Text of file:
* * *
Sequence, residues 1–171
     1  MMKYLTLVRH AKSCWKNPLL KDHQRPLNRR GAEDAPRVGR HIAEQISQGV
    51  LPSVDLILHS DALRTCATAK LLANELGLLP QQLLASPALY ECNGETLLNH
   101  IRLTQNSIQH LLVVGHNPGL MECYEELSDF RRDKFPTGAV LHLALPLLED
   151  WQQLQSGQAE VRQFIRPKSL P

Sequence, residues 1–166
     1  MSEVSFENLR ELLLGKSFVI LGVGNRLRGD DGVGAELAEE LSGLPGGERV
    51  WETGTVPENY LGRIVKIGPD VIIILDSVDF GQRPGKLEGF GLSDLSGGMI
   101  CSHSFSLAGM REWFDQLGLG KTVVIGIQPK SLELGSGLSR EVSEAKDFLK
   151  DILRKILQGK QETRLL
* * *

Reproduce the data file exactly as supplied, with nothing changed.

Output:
Sequence, residues 1–171
     1  MMKYLTLVRH AKSCWKNPLL KDHQRPLNRR GAEDAPRVGR HIAEQISQGV
    51  LPSVDLILHS DALRTCATAK LLANELGLLP QQLLASPALY ECNGETLLNH
   101  IRLTQNSIQH LLVVGHNPGL MECYEELSDF RRDKFPTGAV LHLALPLLED
   151  WQQLQSGQAE VRQFIRPKSL P

Sequence, residues 1–166
     1  MSEVSFENLR ELLLGKSFVI LGVGNRLRGD DGVGAELAEE LSGLPGGERV
    51  WETGTVPENY LGRIVKIGPD VIIILDSVDF GQRPGKLEGF GLSDLSGGMI
   101  CSHSFSLAGM REWFDQLGLG KTVVIGIQPK SLELGSGLSR EVSEAKDFLK
   151  DILRKILQGK QETRLL